Author: Jakov Milaj
The Albanians in Greece are divided in two categories: Albanians who live on Albanianterritory but who have remained outside of the unjust borders which were drawn up by the Ambassadorial Conference of London (1913), and those Albanians who departed Albanianterritory during the first diaspora in the 14th & 15th centuries.
Before WWI (1914-1918), Greece annexed certain Albanian regions with a population of 115,000 people, of which 35,000 belonged to the regions of Kosturi and Follorine and 80,000 to Çameria. After the conflict between Greece and Turkey, the governments of Athens and Ankara decided to exchange the expatriate population. The Albanians of the regions cited above, since they were of the Muslim religion, were considered Turks and expelled by the Greeks to several parts of Anatolia (a small number of them reached Albania). In the regions of Kosturi and Follorine there are no Albanians left, meanwhile, only 25,000 Çamerians in the south struggled to remain there. They spread out around the towns of Gumenice, Margellec, Filat and Prage. If we add the number of Orthodox Albanians (Albanophone) for whom statistics are unavailable, the number of representatives of the Albanian race reaches about 40,000 people. There is no need to go into anthropological analysis: they are Albanians by language and blood, without any particular characteristics to distinguish them from their ethnic kin.
The Albanians who went to Greece in the 14th and 15th centuries later moved again inside Greek lands and their number increased as new Albanians arrived. However, most of them have been hellenized so the exact number of people of Albanian descent in Greece is unknown. Their number must have been larger in the 15th century when, according to Gergj Franxes, there were in Morea alone more than 290,000 Albanians. One hundred years earlier, George von Hahn said that of one million Greeks, 173,000 spoke only Albanian and “since then, it would seem that no important event had happened to change their proportions.”Taking into consideration official statistics, Finlay said the number of Albanians was 200,000.
Deniker divides Greece into two halves according to the meridian that passes 20 degrees longitudinal from Paris. People who live west of this line are without doubt of Adriatic-Albanian type, tall and with small head (brachycephalic) like all Albanians of Dinaric race, while east of this meridian, the Greeks of Thessaly“and perhaps a part of them that live in Attica” are of another type quite different, shorter and with smaller cephalic distinguishing characteristics.
Eugene Pittard corrects the meridian of the French scientist; he substitutes the meridian with the line of the Pindus Mountains (Greece) which “divides two populations with origins quite different from each other.” The Greeks of the east are almost dolichocephalic. It is obvious that Albanians who were established in Thessaly, before and during the invasions of Stefan Dusan and who were called Arhonder, were small in number, that’ s why “they have left very little trace of their blood.” In the west, all of Epirus, Aetolia, Acarnania and all of Peloponnesus are inhabited by brachycephalic people with very often aquiline noses. The archipelagos of the Ionic and Aegean seas and Euboea also are inhabited by people of the Dinaric race. Pittard writes “there isn’t any difficulty in accepting that the Ionian islands are inhabited by brachycephalic people.” We can’t say the same for Euboea because people that live east of the Greek peninsula are more dolichocephalic or mesocephalic. But we must not forget that a large group of Albanians emigrated to Euboea during the battles of Scanderbeg against the Turks (15th century), and it’s evident that these groups were of the true Albanian race. Detailed linguistic papers show that the populations of these regions speak Albanian. The ethnographic data show the somatological characteristics of these populations.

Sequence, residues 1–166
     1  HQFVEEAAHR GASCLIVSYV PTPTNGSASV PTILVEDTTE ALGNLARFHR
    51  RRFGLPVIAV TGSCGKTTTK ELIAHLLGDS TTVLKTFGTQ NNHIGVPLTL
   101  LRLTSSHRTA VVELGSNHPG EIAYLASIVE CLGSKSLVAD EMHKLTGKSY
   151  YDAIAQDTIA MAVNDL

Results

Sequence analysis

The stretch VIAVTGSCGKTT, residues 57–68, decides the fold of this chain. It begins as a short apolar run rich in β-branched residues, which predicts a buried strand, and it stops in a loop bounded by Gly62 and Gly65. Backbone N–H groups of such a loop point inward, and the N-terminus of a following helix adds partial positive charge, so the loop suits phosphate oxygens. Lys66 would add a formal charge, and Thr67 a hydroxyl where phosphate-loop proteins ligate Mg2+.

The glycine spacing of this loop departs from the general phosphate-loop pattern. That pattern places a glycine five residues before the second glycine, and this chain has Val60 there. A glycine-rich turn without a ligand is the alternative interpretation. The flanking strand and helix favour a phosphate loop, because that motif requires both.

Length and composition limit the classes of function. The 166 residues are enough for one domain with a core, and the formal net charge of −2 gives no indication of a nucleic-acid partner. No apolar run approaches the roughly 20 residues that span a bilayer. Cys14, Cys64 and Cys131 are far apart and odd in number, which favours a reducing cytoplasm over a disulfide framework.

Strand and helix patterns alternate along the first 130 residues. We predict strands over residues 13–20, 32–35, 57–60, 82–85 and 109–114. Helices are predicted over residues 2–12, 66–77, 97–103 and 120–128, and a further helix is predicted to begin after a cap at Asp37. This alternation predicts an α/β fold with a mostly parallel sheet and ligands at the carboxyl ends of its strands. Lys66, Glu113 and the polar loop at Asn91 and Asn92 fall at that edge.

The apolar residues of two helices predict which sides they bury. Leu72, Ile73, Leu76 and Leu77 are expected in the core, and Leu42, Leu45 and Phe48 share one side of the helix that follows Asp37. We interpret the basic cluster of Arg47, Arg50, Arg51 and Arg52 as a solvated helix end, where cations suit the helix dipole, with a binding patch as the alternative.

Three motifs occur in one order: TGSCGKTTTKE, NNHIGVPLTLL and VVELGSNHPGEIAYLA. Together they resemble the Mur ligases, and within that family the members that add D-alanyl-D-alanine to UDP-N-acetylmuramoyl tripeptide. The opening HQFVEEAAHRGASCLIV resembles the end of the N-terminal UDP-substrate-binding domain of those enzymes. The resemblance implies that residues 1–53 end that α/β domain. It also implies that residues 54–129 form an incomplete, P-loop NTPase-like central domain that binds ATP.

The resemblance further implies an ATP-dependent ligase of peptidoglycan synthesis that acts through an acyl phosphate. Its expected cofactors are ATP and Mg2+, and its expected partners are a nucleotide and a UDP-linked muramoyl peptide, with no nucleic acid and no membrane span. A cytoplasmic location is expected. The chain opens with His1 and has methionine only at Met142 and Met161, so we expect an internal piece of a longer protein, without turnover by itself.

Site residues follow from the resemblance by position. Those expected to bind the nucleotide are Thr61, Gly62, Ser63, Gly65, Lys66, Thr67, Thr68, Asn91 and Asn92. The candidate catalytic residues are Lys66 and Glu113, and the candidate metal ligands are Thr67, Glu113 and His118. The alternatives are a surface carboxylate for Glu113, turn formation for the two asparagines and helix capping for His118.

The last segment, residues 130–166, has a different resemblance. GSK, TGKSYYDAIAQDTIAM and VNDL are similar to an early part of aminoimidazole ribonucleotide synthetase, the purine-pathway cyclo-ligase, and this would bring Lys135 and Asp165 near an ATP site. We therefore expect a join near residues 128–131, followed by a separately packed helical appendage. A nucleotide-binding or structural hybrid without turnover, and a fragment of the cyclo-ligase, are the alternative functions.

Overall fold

Battaglia thinks the same as the two anthropologists cited above. He says that “in the population of the Peloponnesus, those of the islands of the Ionian and Aegean seas, the average is about 81-82.”
In the areas with strong brachymorphy, such as Leka and Argolida, the median is around 84.4 and 85. Epirus has the highest median in the Balkans at 88.1. The cephalic indicator of the Tosks is 87.03, almost the same as the Epirots. Pittard calls the Hellenic Peninsula “an anthropologic ‘ bottom of the bag’ ” where one can find what remains of the ethnic groups that invaded the Peninsula, and the Greek people ” a composite photo of the Balkan people.” From these notes it is understood that half of this “bottom of the bag” and the half of this “composite photo” is of the Albanian race. The Fallmerayer thesis is completely proved by anthropologists.
PP116-119, “RACA SHQIPTARE, Botimi i Dyte” by Jakov Milaj, Tirana, 1995. Translated into English by Migen Hasanaj